Rabbi Levine on Pittsburgh
Oct 28 , 2018/Category

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We join together with the entire Jewish community and caring people around the world in mourning the deaths and injuries perpetrated by a hate-filled assailant intent on killing Jews. It is so appalling that at a shule observing Shabbat Service and involved in a covenant ceremony celebrating new life this man was busy destroying people and shattering families. Our hearts break for them as we feel immense gratitude for the police officers who risked their own lives to help others and limit the bloodshed.

It is vital not only to condemn anti-Semitism as strongly as we can, but also to say that prejudice of every kind, thoughtless remarks and deeds that cause great pain will not be tolerated. Moreover, the killer blamed the Jews for the caravan moving north. Jews, in fact, have nothing to do with this migration, but we should care about people wanting to undertake a perilous voyage because they don’t want their child killed by a gang in Honduras or Guatamala. During the Nazi reign of terror Jews begged the world for even a modicum of compassion and found very little. Loving the stranger is commanded in the Torah no fewer than 36 times. Please note that the perpetuator attacked HIAS at the same moment we are proudly working with HIAS to resettle Pakistani refugees in America.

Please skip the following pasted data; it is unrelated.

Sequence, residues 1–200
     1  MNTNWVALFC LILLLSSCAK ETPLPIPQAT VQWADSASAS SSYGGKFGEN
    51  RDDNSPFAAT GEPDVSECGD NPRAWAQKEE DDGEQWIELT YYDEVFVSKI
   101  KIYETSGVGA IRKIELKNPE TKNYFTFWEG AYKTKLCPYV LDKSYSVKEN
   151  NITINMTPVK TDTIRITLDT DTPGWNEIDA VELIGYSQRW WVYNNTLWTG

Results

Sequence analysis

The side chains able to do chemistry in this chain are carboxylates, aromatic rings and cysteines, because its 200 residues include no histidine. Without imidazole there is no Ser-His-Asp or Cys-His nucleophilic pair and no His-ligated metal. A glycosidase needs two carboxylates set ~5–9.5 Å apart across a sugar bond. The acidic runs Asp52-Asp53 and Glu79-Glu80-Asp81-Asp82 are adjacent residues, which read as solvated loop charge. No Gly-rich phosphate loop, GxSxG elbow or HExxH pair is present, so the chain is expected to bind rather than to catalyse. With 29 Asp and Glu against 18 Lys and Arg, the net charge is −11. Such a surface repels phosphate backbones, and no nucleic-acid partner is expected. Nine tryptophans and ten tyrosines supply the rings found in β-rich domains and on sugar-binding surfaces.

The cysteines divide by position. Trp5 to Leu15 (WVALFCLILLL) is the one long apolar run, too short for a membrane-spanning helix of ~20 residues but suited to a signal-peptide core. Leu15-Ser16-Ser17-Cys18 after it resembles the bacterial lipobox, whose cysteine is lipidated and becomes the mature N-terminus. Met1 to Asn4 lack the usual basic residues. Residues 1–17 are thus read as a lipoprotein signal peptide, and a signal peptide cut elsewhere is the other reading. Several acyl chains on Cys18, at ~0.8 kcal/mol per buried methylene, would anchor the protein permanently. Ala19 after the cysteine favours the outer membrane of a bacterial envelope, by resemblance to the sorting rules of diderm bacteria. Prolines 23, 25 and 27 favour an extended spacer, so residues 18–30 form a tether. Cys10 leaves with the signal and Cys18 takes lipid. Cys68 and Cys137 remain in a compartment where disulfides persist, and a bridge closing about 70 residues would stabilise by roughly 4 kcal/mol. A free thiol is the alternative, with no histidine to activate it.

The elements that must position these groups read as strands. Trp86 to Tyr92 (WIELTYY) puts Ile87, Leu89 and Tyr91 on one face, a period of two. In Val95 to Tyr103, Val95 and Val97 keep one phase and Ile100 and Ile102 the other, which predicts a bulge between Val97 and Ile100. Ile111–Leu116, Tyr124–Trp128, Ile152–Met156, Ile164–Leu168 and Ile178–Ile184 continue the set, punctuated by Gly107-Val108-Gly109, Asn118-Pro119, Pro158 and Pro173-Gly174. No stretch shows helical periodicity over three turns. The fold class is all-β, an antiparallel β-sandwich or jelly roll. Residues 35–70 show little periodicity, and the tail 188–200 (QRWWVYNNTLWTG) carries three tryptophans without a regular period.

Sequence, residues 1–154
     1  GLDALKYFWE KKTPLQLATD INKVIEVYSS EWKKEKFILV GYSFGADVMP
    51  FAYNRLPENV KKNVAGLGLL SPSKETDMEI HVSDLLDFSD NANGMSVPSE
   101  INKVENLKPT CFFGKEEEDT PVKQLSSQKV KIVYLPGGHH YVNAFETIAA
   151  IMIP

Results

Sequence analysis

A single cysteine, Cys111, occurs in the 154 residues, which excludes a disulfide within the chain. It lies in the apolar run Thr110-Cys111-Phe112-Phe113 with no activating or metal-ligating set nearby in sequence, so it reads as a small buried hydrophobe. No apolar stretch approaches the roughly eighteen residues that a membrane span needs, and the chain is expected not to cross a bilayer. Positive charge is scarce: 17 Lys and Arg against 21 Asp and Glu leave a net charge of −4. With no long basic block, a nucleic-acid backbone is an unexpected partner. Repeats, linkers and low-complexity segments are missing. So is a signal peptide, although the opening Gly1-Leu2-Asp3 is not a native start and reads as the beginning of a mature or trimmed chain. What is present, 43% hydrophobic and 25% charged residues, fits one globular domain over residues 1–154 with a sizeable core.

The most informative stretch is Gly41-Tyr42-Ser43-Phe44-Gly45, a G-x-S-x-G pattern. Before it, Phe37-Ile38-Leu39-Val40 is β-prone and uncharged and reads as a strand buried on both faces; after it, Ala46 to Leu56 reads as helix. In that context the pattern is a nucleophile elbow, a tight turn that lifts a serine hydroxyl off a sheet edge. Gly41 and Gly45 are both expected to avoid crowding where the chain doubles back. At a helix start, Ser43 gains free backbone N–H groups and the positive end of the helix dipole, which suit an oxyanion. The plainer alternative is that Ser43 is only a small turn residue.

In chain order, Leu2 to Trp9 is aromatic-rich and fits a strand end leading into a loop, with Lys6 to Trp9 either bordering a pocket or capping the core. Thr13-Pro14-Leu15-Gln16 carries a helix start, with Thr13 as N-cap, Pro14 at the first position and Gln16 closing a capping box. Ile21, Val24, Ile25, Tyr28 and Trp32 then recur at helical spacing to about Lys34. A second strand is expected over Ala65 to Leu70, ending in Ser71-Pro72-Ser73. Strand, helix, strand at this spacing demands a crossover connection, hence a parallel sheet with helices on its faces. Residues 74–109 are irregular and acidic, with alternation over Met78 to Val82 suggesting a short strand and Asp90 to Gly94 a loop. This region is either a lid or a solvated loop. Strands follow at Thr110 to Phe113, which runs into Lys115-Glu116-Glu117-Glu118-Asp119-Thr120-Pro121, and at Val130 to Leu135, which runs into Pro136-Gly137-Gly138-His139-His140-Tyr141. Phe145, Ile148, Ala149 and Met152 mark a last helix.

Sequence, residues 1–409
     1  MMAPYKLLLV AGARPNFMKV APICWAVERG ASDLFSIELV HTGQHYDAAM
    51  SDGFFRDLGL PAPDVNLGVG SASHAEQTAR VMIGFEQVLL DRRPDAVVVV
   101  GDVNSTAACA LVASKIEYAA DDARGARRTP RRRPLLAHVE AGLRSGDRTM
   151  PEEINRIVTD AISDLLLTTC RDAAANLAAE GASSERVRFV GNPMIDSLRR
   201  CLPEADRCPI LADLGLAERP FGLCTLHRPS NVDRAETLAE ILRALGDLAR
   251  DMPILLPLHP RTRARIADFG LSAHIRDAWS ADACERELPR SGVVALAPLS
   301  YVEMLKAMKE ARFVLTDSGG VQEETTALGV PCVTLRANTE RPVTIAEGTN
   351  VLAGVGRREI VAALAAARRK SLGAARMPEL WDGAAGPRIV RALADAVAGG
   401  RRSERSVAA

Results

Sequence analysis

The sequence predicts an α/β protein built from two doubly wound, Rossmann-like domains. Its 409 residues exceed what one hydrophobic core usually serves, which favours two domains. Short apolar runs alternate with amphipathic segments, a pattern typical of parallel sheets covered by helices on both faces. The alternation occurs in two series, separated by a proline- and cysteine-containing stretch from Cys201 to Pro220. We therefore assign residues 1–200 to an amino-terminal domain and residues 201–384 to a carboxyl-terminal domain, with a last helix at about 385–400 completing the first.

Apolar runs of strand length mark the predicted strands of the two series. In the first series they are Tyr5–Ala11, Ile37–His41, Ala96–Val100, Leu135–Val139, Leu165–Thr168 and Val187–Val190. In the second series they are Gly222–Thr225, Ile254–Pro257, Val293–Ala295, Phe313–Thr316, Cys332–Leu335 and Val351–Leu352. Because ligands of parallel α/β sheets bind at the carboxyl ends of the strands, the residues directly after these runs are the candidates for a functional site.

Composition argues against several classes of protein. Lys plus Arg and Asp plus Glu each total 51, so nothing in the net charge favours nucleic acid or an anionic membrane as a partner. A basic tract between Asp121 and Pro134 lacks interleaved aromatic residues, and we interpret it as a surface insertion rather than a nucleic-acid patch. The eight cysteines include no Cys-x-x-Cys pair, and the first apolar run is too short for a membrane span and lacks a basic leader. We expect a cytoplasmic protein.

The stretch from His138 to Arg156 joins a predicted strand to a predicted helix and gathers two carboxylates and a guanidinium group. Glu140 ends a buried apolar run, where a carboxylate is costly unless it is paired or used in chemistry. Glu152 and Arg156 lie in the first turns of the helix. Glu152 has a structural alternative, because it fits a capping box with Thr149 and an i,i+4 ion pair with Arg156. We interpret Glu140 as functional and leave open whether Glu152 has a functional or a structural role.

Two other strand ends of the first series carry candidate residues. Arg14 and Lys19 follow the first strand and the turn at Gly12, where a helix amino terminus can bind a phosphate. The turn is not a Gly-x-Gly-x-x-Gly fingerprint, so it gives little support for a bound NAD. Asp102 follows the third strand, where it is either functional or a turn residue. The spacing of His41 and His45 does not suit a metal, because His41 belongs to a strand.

In this week’s Torah portion, Chaya Sarah, Abraham comes to mourn for his beloved wife Sarah, to weep for her and to rise up. Torah here teaches what we need to do in our grief.

Let us mourn for the dead and injured in this senseless tragedy.

Let us weep in distress for the divisiveness and bigotry that undermines the greatness of America.

Let us rise up to teach our children how to live compassionate lives informed by vital Jewish values.

May we always be Rodeph Sholom, pursuers of peace.

Robert N. Levine
Senior Rabbi

This is an image of Stars of Hope that were made this morning at Mitzvah Day and are headed to Pittsburgh.